Last May, Whitney Hester’s family hosted an intimate family gathering in Texas in honor of her graduation from the Glorya Kaufman School of Dance. Yet, Hester couldn’t help but feel that her four years at Kaufman — where she had spent nearly every day in the studio rehearsing with her cohort and forming connections with her classmates — were left unfinished.
As the live graduation feed played during the gathering, Hester felt sad that she was unable to experience the ceremony in person with her parents and younger siblings, whom she said now also want to go to USC. She had been looking forward to her own graduation since 2019, when she was invited on stage during a previous Kaufman commencement ceremony to hand out gifts as graduates walked on stage.
With the University promising to host an in-person commencement ceremony once it was safe to do so, Hester always knew she wanted to return to participate in the ceremony. Having spent a lot of money on her commencement sash, class ring and dress, she was looking forward to celebrating with her family. When President Carol Folt announced in March that the University would hold a combined in-person ceremony for both the Class of 2020 and the Class of 2021, Hester felt she might finally get the closure she needed.
“It doesn’t feel like it’s necessarily over, that closure hasn’t really happened yet,” Hester said. “It just kind of feels unfinished, if that makes sense. So I think having graduations … we were at least able to celebrate our four years. I get to see friends that I haven’t seen in a year. I get to see my professors I haven’t seen in a year now.”
Like many other students from the Class of 2020 who are now located across the country and around the world, Hester traveled from her new job in Atlanta, Ga., to participate in her commencement ceremony.
However, not all students were so quick to welcome the belated commencement ceremony.
Ope Abimbola, who received a bachelor’s degree in chemical engineering last year, said the notice of commencement was last minute and made it difficult for some graduates and family members to arrange for travel plans and time off work. Some of them had already begun to move on.
Having returned home to Idaho after finishing classes last May, Abimbola said, originally, he was not sure if he would be allowed to participate in the commencement ceremony as the in-person commencement ceremonies were previously restricted to California residents. However, after the regulations changed to allow out-of-state students, Abimbola said he decided to attend to celebrate both his bachelor’s and master’s degree in materials engineering that he finished in 2021.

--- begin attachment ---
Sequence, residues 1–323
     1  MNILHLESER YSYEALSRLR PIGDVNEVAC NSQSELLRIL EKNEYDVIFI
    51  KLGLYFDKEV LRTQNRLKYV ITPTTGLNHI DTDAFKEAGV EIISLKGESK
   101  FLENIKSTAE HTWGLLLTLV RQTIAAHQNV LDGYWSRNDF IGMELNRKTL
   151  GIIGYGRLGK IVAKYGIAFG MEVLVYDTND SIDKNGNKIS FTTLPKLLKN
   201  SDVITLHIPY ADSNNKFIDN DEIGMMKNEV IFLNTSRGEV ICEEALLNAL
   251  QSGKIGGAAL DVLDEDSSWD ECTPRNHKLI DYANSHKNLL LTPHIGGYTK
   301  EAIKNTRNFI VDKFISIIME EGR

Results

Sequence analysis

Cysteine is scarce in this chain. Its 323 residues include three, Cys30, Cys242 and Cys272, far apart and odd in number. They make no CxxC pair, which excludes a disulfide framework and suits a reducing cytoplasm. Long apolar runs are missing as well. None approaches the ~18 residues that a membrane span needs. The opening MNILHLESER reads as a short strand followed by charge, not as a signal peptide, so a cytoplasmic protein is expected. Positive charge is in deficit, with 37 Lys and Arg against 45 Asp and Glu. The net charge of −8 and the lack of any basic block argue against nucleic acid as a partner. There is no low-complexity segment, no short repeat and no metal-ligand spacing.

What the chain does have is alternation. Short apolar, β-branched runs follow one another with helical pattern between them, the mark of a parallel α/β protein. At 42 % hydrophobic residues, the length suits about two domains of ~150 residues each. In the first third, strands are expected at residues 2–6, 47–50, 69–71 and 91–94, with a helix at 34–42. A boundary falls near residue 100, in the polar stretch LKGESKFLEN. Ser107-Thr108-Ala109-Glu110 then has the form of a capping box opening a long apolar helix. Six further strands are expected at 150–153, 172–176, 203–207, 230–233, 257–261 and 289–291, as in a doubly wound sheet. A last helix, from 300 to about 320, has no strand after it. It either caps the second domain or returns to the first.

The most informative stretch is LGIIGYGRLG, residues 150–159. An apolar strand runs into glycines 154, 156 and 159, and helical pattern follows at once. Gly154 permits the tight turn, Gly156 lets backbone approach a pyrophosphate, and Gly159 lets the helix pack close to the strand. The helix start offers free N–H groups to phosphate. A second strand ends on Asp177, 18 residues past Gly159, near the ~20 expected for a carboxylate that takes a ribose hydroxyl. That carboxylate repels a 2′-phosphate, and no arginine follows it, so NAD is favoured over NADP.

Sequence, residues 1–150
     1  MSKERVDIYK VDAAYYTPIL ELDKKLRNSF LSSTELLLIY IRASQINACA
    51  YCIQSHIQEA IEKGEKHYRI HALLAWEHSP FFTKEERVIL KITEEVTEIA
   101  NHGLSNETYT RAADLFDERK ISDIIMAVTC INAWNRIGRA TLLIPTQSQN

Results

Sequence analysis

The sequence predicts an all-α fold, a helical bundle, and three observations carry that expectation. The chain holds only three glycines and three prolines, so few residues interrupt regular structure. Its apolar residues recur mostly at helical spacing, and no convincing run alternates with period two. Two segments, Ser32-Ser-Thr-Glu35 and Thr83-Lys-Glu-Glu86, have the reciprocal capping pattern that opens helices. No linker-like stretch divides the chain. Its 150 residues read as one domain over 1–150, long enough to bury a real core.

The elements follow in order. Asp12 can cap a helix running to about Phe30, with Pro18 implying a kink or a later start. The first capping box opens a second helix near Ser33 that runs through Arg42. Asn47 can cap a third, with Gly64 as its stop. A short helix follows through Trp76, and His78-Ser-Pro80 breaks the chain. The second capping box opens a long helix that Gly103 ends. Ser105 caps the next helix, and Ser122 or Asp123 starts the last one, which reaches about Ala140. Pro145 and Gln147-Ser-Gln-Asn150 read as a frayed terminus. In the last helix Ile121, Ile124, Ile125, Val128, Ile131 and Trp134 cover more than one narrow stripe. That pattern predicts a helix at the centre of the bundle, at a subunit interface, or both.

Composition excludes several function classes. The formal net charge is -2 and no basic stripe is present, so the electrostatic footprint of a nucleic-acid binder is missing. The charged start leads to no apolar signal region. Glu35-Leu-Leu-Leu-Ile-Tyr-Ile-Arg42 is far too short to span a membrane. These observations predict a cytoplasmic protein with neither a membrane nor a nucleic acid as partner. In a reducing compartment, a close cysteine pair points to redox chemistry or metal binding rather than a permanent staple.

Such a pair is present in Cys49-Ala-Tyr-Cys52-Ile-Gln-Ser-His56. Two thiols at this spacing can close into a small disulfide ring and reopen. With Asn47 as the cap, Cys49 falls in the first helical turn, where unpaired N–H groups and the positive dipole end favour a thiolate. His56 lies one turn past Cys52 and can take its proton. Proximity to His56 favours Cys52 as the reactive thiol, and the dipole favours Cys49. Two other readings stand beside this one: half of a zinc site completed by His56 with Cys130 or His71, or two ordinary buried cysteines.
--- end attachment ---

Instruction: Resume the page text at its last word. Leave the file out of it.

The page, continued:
“Just being able to walk across the stage is pretty nice,” Abimbola said. “It’s just a good feeling to see all the things you’ve accomplished … after going through the whole motions of classes and everything, just the struggle of school and what that was. Being successful in that and being able to see people celebrate your success as well, I think is just a good feeling.”
After buying tickets last year to attend Class of 2020’s commencement ceremony “just for it to be canceled,” Abimbola’s father and younger brother will now be able to accompany and celebrate with him a year later.
For many members of the Class of 2020, the in-person commencement ceremony was also an opportunity to reunite with friends, former classmates and roommates. Trevor Sochocki, who received a bachelor’s degree in journalism last year, said he looks forward to picking up where he left off with his friends after moving to Michigan for a job in the broadcast journalism industry.
“I look forward to, over the next couple days, seeing other people and catching up before we all have to leave again,” Sochocki said. “Being in Michigan means that I don’t get to see a lot of college friends in-person very often, if at all, so it’s nice to come back, and I’m very excited for all of the catching up that I have to do.”
After on-campus classes were suspended due to the coronavirus pandemic in March 2020, Sochocki and his friends began holding virtual poker nights to keep in touch with one other, bonded by how the coronavirus pandemic changed their senior year. Sochoki said he looks forward to seeing his friends from the Class of 2021, who will also be participating in the ceremonies, and feeling the nostalgia of being on campus one last time.
“There’s definitely an element to college kind of being the good old days,” Sochoki said. “Never in our lifetimes again will there be a point where we’re all in half a square mile of school, a bunch of people within the same age as us and a bunch of people that are in the same period, the same space of thinking, as well … You don’t get to have a time like college ever again — which is why it’ll be special.”
Correction: A previous version of this article misspelled Trevor Sochoki’s name as Trevor Sochocki. The Daily Trojan regrets this error.